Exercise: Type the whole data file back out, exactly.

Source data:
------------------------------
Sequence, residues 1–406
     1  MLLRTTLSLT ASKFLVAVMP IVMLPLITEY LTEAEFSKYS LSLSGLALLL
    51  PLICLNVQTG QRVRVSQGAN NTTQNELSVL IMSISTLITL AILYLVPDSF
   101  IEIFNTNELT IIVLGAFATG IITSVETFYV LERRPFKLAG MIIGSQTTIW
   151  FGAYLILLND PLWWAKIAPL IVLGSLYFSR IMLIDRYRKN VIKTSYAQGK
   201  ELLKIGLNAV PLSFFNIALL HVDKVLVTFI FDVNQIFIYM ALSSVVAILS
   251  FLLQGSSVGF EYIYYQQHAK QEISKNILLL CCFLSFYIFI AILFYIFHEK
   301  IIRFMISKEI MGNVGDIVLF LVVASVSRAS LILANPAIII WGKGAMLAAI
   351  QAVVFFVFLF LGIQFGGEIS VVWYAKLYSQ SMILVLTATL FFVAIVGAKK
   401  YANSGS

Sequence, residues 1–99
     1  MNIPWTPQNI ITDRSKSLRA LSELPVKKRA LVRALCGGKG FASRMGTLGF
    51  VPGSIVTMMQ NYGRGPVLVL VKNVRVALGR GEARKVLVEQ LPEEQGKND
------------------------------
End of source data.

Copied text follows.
Sequence, residues 1–406
     1  MLLRTTLSLT ASKFLVAVMP IVMLPLITEY LTEAEFSKYS LSLSGLALLL
    51  PLICLNVQTG QRVRVSQGAN NTTQNELSVL IMSISTLITL AILYLVPDSF
   101  IEIFNTNELT IIVLGAFATG IITSVETFYV LERRPFKLAG MIIGSQTTIW
   151  FGAYLILLND PLWWAKIAPL IVLGSLYFSR IMLIDRYRKN VIKTSYAQGK
   201  ELLKIGLNAV PLSFFNIALL HVDKVLVTFI FDVNQIFIYM ALSSVVAILS
   251  FLLQGSSVGF EYIYYQQHAK QEISKNILLL CCFLSFYIFI AILFYIFHEK
   301  IIRFMISKEI MGNVGDIVLF LVVASVSRAS LILANPAIII WGKGAMLAAI
   351  QAVVFFVFLF LGIQFGGEIS VVWYAKLYSQ SMILVLTATL FFVAIVGAKK
   401  YANSGS

Sequence, residues 1–99
     1  MNIPWTPQNI ITDRSKSLRA LSELPVKKRA LVRALCGGKG FASRMGTLGF
    51  VPGSIVTMMQ NYGRGPVLVL VKNVRVALGR GEARKVLVEQ LPEEQGKND